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SDPD Announces Crackdown On Violent Crime, ‘Ghost Guns’

Police cars parked in the Gaslamp District following a fatal shooting, April ...

Credit: Jared Aarons/10 News

Above: Police cars parked in the Gaslamp District following a fatal shooting, April 22, 2021.

City officials in San Diego Wednesday announced a new slate of law enforcement strategies designed to curb a recent surge in local violent crime, and address a worrisome proliferation of unregistered "ghost guns."

"Our city is experiencing an increase in violent crime — specifically gun violence — that has to be addressed," Mayor Todd Gloria said. "This plan is a commonsense approach to reduce crime and protect San Diegans in every neighborhood."

Listen to this story by Melissa Mae.

RELATED: San Diego Takes Initiatives Against Gun Violence

Spurring the changes in San Diego Police Department policy, according to SDPD officials, is a rash of violent crime that has plagued the city this year, a series of offenses that include:

— Seven gang-related homicides, compared with four in 2020;

— Three attempted-homicide cases, compared with one at this time last year;

— A total of 34 assaults with a deadly weapon, compared with 19 in 2020; and

— Nine drive-by shootings, compared with two in 2020.

"The increased violence our communities are experiencing is cause for new measures to address it," Police Chief David Nisleit said. "Our Violence Reduction Plan and new Ghost Gun Team will combine proactive policing with special investigations to use knowledge and expertise to find those who are causing this violence and stop it before it happens. Every San Diegan deserves to feel safe, and we believe these efforts will help us in reaching that goal."

The new policing measures, according to Nisleit, include:

— Assigning additional investigative personnel and specialized teams to violent and firearm-related crimes;

— Gathering information and performing "intelligence-led" enforcement of suspected problem areas;

— Sharing intelligence and maintaining contact with outside agencies; and

— Utilizing added investigative techniques to monitor, locate and arrest wanted suspects and those illegally possessing firearms.

RELATED: San Diego Police Grapple With Six-Month Surge Of Violent Crime

The plan, which officially went into effect last Friday, will be reassessed monthly, according to police.

San Diego Police Captain Matt Novak says this team will conduct proactive ghost gun investigations and assist other departments as well.

“We will work as a resource to kind of handle the ghost gun angle of it and make sure that that is taken care of efficiently and we get as many ghost guns as we can off the street,” Novak said.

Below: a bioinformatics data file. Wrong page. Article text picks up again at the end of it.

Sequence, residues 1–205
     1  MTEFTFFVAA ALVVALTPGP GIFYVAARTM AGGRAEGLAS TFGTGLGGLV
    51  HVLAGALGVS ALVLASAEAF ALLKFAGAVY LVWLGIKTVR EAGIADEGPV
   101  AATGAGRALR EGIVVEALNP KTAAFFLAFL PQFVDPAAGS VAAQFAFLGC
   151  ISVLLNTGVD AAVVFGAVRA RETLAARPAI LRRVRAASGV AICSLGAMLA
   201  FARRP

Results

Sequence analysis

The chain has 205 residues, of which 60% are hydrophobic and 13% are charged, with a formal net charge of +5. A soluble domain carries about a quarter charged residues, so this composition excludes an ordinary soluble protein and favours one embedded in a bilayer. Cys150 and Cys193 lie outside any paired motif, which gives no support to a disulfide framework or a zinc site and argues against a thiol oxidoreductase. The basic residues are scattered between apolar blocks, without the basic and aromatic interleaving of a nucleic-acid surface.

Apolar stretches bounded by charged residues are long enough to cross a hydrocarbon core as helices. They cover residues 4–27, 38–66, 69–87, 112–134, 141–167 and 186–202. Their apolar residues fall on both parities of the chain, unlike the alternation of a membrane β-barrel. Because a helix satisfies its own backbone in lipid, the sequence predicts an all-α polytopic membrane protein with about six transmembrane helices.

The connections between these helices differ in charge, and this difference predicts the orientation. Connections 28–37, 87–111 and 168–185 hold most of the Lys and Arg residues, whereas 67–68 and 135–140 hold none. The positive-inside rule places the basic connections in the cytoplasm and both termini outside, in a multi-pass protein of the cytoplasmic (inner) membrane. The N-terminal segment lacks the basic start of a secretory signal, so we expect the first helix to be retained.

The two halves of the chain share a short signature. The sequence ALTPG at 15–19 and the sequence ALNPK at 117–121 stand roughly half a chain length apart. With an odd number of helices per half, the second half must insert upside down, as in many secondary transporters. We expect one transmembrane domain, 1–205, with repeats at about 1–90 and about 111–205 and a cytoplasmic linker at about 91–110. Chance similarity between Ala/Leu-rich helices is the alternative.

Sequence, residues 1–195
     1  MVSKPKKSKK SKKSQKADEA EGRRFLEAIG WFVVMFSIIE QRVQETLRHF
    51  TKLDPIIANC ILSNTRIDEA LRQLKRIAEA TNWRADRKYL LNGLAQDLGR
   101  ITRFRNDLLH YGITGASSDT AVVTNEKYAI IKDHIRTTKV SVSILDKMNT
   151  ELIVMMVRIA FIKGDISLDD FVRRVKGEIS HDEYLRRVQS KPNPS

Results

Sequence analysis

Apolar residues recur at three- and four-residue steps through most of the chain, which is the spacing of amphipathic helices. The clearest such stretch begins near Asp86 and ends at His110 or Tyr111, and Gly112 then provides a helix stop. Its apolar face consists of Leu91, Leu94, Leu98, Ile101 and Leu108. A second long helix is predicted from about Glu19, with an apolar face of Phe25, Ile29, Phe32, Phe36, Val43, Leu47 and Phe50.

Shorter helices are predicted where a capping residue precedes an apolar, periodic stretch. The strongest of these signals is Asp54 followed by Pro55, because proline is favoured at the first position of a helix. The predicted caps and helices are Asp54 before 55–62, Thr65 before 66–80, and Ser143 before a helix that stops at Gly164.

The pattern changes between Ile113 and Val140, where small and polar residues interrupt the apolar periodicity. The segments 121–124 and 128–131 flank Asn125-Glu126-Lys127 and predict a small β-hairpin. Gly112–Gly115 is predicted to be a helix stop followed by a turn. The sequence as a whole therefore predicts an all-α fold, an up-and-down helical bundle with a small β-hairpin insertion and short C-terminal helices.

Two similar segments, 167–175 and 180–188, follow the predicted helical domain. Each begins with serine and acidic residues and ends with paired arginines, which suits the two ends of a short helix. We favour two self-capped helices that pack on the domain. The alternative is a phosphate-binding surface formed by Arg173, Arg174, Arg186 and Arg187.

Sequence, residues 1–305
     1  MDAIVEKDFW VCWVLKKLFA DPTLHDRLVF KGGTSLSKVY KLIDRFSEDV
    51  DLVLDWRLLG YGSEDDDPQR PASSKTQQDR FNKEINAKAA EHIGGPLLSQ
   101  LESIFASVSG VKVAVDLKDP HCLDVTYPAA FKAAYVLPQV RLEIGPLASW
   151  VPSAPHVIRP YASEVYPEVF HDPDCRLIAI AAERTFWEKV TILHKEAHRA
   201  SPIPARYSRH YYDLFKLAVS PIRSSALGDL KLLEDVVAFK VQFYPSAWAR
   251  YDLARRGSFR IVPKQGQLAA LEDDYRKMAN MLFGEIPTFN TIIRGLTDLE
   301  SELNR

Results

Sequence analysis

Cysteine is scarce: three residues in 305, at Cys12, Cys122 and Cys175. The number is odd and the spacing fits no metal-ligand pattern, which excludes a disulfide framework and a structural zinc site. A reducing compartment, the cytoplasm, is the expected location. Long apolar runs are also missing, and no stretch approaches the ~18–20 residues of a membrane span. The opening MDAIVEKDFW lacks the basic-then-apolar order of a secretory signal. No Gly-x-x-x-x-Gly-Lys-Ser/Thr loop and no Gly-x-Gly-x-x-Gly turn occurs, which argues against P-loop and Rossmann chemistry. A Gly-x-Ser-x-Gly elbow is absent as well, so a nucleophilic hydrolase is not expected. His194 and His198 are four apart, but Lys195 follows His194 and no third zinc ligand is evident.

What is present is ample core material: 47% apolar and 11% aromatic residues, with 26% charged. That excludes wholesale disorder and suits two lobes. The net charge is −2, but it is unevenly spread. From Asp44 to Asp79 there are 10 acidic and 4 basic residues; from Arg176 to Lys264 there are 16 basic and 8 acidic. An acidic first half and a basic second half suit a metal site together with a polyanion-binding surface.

City Councilman Raul Campillo praised the SDPD for its upgraded and targeted enforcement plans.

"I have personally seen the lifesaving effects that commonsense firearm-safety measures can have as a former member of City Attorney's Gun Violence Response Unit," Campillo said. "We urgently need to take action to protect our neighborhoods from untraceable ghost guns, which have sadly been used in numerous homicides in San Diego."

Councilwoman Marni von Wilpert asserted that city officials "must do everything possible to protect our neighborhoods from rising gun violence."

"In San Diego and around the country, gun violence is fueled by the spread of non-serialized, untraceable ghost guns, and San Diego must do everything we can to keep guns out of the hands of dangerous individuals," she said. "Now is the time to act to protect our communities, and I commend the San Diego Police Department for their efforts to combat gun violence with the creation of the newly established Ghost Gun Team."

Reported by Melissa Mae

RELATED: San Diego Police Department Sees Rise In ‘Ghost Guns’

The specialized firearm unit will serve as a resource to patrol officers, detectives and specialized policing units when ghost guns — homemade, kit-built firearms that lack serial numbers — are discovered during an arrest or investigation, according to SDPD officials.

The department has already recovered more ghost guns in the first half of this year than it did in all of 2020, police said. The vast majority of the weapons are seized from people who cannot pass state or federal background checks because of a criminal conviction involving a felony or violent misdemeanor.

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